Metro Guardsmen battle heat, live fire in war training
Waters — PFC Brandon Haeger is trained to battle enemies, but on this day he was fighting heat, dust, fatigue and live ammo rounds.
The Michigan Air National Guard member from Garden City was hiking through the scrub growth and sandy, loose soil of the Air Gunnery Range in Otsego County as part of the Operation Northern Strike military exercises.
It is hot — more than 80 degrees in blazing sun — and dusty and muggy. This is a live-fire exercise from the air and the ground and very real.
“I’ve wanted to be in the Guard since I was a little kid,” Haeger said. “The (training) experience is stimulating.”
Each of the 115 soldiers from the ‘A’ Company, 1st Battalion, 125th Infantry Regiment from the Detroit Light Armory — 95 of them from the Metro area — involved in the training wears a combat vest weighing around 50 pounds and includes ammunition, water and a first-aid kit. An advanced combat helmet provides head cover and adds another three pounds. The M4 carbine they carry adds 71/2 pounds.
Other soldiers carry machine guns weighing an additional 25 pounds instead of M4s.
The Detroit-area soldiers are among 3,000 from 20 states as well as Latvia, Poland, Australia and Canada who are training for the fourth year in a row at Camp Grayling. Other training is taking place through Friday at the Alpena Training Center and a rock quarry in Rogers City and ends Friday.
The exercise last week integrated ground soldiers with air attacks and live fire. Many of the weapons used — such as mortars, artillery and rotary and fixed-wing aircraft — are the same that would be used in any real battles.
The Michigan National Guard leads the exercise from the Camp Grayling Joint Maneuver Training Center, a sprawling four-season facility covering 147,000 acres over three counties. The center features state-of-the-art ranges and modern support facilities, making it the largest National Guard training center in the United States.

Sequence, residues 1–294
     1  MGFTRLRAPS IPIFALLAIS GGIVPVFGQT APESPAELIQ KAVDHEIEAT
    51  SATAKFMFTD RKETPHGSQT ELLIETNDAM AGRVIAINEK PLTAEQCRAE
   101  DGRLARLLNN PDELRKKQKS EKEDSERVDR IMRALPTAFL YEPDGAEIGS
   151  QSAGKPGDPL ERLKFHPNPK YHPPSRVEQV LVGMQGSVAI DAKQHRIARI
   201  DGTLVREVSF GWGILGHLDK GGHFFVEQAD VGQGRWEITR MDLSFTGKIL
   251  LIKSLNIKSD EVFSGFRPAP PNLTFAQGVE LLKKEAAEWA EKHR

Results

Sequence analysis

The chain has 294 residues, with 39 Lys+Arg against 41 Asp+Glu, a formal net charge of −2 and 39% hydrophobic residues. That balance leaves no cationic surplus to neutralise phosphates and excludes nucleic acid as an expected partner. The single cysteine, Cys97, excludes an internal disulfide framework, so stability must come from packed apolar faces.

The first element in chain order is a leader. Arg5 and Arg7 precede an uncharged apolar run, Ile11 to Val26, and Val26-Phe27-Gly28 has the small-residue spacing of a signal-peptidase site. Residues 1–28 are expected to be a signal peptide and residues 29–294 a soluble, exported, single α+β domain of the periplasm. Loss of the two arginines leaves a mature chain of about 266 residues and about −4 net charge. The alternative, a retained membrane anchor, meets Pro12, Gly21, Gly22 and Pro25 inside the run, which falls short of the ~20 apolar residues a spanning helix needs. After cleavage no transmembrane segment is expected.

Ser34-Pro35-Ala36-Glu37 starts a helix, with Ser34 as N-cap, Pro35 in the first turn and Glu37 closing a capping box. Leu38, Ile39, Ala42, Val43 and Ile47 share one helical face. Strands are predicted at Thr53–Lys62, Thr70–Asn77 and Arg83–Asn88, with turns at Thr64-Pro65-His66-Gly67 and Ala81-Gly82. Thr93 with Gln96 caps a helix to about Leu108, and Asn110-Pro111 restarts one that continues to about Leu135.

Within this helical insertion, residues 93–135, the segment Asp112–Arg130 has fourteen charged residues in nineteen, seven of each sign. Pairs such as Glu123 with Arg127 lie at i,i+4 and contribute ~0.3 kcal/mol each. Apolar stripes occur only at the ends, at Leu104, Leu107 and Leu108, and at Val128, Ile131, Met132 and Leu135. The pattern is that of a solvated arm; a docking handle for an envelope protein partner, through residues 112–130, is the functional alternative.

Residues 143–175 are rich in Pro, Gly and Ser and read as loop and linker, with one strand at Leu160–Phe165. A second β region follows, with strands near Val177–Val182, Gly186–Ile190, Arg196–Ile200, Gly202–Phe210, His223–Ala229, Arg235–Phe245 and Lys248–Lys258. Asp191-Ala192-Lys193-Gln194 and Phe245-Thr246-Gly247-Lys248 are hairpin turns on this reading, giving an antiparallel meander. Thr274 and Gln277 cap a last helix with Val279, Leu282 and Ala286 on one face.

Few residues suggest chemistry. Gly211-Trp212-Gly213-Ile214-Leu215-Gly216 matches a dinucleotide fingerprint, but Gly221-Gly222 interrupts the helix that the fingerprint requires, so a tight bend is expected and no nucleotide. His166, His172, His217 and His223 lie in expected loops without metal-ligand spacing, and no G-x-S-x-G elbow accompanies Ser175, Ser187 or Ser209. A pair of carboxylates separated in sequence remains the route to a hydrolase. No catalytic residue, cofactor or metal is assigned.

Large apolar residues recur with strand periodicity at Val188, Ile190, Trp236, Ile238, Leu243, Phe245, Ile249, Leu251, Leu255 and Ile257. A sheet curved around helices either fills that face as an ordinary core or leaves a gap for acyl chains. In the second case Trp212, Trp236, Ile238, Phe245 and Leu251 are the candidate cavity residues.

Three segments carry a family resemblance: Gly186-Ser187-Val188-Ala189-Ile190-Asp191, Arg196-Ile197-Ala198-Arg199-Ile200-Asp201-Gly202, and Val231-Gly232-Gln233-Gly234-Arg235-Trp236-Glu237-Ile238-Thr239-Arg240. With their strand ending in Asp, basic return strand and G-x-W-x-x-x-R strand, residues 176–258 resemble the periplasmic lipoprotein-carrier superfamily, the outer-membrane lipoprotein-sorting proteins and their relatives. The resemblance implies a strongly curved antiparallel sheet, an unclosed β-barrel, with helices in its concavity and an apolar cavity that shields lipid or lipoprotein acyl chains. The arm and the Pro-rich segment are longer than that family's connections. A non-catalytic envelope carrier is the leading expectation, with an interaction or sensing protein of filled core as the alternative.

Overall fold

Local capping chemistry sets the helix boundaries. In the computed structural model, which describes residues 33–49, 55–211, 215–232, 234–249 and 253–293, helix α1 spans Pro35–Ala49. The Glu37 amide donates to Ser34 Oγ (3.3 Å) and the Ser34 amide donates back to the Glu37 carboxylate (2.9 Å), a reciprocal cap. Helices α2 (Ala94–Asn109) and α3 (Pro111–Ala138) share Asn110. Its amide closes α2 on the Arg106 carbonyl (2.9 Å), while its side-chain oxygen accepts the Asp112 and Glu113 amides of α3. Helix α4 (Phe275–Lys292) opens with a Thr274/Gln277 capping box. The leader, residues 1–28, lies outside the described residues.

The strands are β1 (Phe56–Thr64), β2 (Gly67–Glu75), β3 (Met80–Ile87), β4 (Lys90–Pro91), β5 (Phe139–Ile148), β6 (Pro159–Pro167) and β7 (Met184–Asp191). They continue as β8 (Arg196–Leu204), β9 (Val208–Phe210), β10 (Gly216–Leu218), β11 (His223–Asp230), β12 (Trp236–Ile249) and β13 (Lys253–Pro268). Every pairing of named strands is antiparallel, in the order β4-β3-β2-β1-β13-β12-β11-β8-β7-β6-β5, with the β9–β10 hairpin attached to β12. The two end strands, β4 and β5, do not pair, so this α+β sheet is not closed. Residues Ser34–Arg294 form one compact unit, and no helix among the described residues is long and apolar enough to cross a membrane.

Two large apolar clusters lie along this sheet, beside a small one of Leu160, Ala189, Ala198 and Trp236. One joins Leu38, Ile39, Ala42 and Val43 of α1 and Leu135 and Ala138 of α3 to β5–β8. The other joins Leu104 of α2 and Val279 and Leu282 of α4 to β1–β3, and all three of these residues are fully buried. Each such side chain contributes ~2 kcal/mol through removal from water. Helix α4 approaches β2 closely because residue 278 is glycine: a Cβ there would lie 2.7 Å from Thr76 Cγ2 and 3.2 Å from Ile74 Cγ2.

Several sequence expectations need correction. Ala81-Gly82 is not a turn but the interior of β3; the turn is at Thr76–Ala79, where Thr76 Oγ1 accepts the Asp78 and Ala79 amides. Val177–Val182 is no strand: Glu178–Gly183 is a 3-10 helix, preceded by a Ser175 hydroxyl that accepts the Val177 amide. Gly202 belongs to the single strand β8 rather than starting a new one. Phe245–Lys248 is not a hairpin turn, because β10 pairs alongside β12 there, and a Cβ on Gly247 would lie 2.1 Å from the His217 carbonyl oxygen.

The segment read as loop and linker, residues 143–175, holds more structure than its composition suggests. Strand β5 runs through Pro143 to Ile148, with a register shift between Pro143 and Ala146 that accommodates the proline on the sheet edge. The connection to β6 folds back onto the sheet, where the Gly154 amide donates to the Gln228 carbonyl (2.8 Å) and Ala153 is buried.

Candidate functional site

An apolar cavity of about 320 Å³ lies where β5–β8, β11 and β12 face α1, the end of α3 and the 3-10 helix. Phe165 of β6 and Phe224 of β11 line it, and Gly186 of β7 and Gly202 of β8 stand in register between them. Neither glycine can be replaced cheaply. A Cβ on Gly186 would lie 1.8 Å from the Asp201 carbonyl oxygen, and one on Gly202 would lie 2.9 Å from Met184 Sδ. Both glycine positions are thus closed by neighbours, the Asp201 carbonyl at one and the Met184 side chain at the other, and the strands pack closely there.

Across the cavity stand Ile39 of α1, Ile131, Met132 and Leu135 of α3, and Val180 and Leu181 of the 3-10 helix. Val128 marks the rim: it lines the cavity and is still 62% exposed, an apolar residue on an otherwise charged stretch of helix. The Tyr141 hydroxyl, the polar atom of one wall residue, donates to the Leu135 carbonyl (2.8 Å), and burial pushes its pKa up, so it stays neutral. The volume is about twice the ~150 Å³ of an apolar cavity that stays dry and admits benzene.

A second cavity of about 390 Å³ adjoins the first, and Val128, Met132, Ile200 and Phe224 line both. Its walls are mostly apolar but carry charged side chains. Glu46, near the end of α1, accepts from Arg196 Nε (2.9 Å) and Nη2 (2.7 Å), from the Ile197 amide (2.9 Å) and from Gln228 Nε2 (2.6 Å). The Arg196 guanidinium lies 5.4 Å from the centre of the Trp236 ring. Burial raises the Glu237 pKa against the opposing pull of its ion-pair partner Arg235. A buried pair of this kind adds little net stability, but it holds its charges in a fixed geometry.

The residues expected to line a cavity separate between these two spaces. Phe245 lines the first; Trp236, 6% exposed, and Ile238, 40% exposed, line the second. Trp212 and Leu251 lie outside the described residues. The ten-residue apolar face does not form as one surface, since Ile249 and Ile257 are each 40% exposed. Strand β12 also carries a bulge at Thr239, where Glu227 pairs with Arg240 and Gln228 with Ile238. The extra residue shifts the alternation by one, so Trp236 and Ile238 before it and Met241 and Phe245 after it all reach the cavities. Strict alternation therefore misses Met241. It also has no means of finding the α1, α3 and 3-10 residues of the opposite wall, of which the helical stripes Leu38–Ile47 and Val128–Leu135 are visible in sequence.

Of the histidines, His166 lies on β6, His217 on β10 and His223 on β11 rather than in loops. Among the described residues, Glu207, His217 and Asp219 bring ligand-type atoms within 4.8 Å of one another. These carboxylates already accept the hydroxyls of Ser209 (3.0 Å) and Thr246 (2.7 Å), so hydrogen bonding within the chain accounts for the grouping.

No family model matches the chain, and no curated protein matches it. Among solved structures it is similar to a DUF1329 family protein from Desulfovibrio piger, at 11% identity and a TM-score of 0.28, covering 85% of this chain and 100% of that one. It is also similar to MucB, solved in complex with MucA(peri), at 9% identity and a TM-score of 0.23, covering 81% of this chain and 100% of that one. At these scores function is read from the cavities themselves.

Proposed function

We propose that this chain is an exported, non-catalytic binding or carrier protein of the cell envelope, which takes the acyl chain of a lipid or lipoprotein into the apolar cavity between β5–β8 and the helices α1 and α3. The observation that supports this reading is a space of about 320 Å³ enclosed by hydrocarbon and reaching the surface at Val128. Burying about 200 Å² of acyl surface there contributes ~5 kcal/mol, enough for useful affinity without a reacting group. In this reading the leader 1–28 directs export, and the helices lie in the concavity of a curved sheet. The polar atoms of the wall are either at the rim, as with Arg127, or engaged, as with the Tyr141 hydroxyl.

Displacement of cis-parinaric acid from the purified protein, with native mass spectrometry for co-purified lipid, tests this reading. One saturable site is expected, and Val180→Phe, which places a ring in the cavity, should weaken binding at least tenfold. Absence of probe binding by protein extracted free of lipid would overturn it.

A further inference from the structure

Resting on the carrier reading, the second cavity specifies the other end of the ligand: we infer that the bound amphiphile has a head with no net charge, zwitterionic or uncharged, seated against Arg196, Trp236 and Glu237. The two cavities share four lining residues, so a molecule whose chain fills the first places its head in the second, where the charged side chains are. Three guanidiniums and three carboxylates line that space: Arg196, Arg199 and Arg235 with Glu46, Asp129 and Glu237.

“This exercise is teaching us to move with a bigger element of troops, and has been great,” said Haeger, who joined the National Guard a year ago. “It’s more involved than last year.”
Sgt. First Class Wilson Tang, 47, of Clinton Township has been in the Guard for 29 years and has been through numerous training exercises.
“Things changed after Sept. 11th, 2001,” he said. “Exercises were not this intense.”
Troops are airlifted to a drop zone aboard Black Hawk and Chinook helicopters and work their way onto the open range, where continual withering fire from automatic rifles and machine guns chew up the targets as the soldiers advance over the uneven ground.
Joint terminal attack controllers, made up of Detroit-area and Latvian troops, coordinate air units to keep them from accidentally shooting each other.
“This exercise was hard, but our guys (in the 125th) are pretty motivated,” Tang said. “It was hot, but that night we flew back to Alpena, where we had a hot shower, a roof over our head, and a cot to sleep on. We were fine.”